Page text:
When Rabbi Naftali Bursztyn began studying the Talmud years ago, he became so fascinated with its revelations that he began studying some parts over and over again, each time learning something new.
Twenty-eight years later, after countless hours of study mostly at the Kollel of Manalapan, he reached a milestone by completing his 1,000th siyum, surrounded by others devoted to Torah and Talmud study.
“When I was 6 years old I started thinking about learning Talmud,” said Rabbi Bursztyn in a phone conversation, adding that in the few weeks since, he had already completed five more siyumim.
That passion for the infinite and timeless insights of the Talmud have largely been focused on multiple readings of the first two sedarim, Zeraim—which deals with daily prayers—and Moed—dealing with the rituals, observances and laws of the holidays and festivals. Rabbi Bursztyn is now studying the third order, Nashim, dealing with the role of women, touching on such topics as marriage, divorce, ketubahs and societal roles.
“At the end of completing every tractate I have a better understanding of the tractate and more clarity every single time,” said Rabbi Bursztyn.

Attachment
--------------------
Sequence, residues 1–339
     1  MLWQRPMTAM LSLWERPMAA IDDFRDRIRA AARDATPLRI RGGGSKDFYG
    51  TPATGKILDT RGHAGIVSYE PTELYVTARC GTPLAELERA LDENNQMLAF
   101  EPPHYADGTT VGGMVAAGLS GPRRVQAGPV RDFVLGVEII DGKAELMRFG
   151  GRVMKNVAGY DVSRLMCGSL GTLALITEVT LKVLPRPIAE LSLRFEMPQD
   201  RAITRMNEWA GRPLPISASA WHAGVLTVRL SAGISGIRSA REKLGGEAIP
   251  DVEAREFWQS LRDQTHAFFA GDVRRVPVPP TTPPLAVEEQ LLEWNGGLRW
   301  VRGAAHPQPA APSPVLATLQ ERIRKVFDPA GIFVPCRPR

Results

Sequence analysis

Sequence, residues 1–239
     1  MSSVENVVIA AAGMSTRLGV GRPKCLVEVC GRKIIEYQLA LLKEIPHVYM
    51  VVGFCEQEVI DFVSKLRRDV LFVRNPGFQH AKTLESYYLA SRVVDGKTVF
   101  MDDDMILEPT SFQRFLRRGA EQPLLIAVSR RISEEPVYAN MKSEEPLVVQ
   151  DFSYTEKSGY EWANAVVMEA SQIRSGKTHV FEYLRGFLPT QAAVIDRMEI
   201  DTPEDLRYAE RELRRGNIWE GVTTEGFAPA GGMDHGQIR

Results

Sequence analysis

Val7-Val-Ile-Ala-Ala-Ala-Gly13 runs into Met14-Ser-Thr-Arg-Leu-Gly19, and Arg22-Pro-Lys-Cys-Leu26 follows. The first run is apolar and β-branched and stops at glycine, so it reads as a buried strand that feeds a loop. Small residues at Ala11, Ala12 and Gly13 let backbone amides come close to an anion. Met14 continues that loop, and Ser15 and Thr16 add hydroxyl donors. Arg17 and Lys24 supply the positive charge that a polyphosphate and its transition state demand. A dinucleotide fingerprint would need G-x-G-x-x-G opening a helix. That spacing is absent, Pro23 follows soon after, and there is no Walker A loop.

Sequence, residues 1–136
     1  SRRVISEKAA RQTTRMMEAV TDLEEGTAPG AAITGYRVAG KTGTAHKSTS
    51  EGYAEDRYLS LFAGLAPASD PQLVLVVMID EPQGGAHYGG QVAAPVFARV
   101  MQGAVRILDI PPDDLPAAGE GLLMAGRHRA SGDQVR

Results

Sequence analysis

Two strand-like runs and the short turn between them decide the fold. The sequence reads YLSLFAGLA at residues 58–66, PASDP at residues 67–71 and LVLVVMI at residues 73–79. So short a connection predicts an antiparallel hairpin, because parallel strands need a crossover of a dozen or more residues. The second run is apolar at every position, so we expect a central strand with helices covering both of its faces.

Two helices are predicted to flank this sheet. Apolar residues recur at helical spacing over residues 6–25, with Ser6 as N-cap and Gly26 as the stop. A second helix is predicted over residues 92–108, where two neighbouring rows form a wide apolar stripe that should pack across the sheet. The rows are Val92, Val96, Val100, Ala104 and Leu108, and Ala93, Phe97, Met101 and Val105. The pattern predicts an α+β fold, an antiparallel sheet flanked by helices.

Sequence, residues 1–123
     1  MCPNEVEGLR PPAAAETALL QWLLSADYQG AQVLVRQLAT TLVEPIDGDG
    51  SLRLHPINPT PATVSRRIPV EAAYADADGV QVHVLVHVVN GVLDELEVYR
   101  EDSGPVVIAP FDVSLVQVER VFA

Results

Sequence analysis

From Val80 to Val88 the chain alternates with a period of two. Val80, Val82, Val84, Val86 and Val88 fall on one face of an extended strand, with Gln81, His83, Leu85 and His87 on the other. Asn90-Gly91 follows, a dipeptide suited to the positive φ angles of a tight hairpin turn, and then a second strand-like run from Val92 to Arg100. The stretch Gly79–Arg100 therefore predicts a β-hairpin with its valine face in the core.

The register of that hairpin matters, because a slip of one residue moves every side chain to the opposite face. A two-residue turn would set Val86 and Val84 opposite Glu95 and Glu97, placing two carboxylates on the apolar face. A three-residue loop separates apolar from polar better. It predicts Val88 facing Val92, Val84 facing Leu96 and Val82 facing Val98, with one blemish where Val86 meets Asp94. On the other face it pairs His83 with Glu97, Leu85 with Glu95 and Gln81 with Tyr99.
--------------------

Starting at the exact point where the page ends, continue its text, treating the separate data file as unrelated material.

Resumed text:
Rabbi David Rosenthal, a Manalapan native and director of the Manalapan Jewish Connection, also studies Torah at the kollel, where he has come to admire Rabbi Burstyn’s dedication.
“Through hard work and perseverance Rabbi Bursztyn has finished the Talmud’s 63 books numerous times,” he said. “I learn near him and see him learning for hours and hours.”
Rabbi Rosenthal has been attending the kollel since the age of 12 when he decided to start studying Torah. The kollel, now located in Morganville, offers a special community study program Wednesday nights until 9 p.m. and study from 10:15 a.m. every day except Saturday. Closing is at 6:30 p.m. every day except Friday, when study ends at 1 p.m.
The driving force behind the founding of the Manalapan Kollel, and other kollels around the world, was the late Rabbi Nosson Meir Wachtfogel, known as the mashgiach of the Lakewood Yeshiva, Beth Medrash Govoha.
“The kollel has had a very big impact on our community,” said Rabbi Rosenthal. “It has changed the lives of a lot of people. We’ve had a lot of people who decided to become rabbis because of it, and others who decided to start introducing mitzvot and Torah into their lives because of it.”
By Debra J. Rubin